I didn’t have chance to record the events on the other tables, but it appears that at Bredwardine, neither side was able to force passage over the river - ‘Can’t we do something more interesting next time?’ being the cry (be careful what you wish for…) It seems that both sides have given up trying to secure the bridge – maybe an indication that the border region is dwindling in importance?

Action at the river crossing

Things were a little more clear-cut at Kinnersley however, with the Royalists convincingly beating back the Anglican assault after some spectacular explosions and, if rumours are to be believed, a gallant Royalist captain single-handedly destroying an Anglican tank with his sword! Ms. Mortimer-Wagstaff’s agent is reported to have looked on with interest...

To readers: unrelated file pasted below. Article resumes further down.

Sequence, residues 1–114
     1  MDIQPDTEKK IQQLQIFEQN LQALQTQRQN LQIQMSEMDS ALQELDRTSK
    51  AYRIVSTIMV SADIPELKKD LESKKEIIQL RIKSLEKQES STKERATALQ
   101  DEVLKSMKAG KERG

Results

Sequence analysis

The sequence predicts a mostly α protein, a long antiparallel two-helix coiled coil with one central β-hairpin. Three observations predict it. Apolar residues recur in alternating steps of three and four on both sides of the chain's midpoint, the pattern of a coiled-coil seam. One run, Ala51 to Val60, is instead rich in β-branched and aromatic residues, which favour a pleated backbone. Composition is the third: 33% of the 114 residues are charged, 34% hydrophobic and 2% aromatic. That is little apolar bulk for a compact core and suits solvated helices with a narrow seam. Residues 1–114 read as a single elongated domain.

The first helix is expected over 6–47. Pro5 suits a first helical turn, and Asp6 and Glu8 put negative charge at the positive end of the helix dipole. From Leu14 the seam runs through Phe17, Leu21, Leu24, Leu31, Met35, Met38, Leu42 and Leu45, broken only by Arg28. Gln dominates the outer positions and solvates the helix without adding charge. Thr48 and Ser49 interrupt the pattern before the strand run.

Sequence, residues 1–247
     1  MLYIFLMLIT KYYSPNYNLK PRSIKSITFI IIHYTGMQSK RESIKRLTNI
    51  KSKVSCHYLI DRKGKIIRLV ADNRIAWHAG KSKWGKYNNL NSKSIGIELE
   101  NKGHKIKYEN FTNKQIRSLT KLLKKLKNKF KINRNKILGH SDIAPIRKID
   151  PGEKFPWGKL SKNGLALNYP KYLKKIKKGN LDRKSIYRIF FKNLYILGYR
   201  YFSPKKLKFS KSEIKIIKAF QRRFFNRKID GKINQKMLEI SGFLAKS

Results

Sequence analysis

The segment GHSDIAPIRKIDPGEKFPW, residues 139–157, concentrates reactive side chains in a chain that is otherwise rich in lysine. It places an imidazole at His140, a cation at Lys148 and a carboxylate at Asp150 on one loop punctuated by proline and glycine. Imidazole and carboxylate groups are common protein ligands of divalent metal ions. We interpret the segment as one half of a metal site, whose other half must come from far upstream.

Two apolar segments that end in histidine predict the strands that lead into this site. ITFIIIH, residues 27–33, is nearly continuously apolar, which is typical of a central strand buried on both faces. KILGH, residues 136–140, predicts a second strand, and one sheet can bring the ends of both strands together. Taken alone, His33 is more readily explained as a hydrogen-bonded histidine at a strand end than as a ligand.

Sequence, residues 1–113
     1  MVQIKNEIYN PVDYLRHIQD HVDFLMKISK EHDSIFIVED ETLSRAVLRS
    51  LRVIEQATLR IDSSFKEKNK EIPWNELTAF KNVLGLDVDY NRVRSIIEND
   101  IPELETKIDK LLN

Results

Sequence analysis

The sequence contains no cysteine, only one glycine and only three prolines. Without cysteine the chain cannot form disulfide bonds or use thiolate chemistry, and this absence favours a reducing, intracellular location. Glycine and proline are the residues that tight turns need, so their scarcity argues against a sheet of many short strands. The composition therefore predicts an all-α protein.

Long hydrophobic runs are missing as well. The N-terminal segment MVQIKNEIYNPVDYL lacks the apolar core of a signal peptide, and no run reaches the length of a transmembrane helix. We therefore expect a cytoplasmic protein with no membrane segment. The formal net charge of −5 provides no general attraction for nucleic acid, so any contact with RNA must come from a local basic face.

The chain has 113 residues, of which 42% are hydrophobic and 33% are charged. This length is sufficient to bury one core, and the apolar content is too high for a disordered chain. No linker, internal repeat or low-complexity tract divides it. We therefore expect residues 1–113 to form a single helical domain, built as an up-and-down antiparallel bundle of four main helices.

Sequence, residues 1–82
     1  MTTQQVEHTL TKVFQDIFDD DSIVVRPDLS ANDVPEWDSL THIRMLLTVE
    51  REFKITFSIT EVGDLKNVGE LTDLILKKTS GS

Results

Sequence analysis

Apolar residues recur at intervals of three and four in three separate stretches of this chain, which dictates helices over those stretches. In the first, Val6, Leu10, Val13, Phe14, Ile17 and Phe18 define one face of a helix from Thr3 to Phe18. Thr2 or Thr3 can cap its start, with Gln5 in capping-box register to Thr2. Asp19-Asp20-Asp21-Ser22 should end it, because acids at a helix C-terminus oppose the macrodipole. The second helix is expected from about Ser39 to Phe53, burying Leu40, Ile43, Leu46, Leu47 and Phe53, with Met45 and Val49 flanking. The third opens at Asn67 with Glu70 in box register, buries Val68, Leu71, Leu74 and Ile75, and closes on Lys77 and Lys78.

Taking out a tank with a sword!?

Once again a great day’s gaming with some sterling gents (and lady), who all entered into the spirit of things with gusto. We used a trial version of ‘Went the Day Well?’, which prompted some head scratching, but all issues were settled in the usual friendly manner. Bravo to all participants!

More action at Kinnersley
So what happens next? I think it's pretty clear that the border campaign has run it's course. The Anglican League and their allies, while making some strategic gains, have been unable to fully consolidate in the region, with many important railway junctions and river crossings still in government hands.

While the BUF have once again failed to cover themselves in glory the more moderate Royalists have risen to the occasion, pushing back the rebels and ensuring that the lifeline from Hereford to the loyal pockets along the border are still intact, leaving Sir Gilbert's Golden Valley territory extremely vulnerable.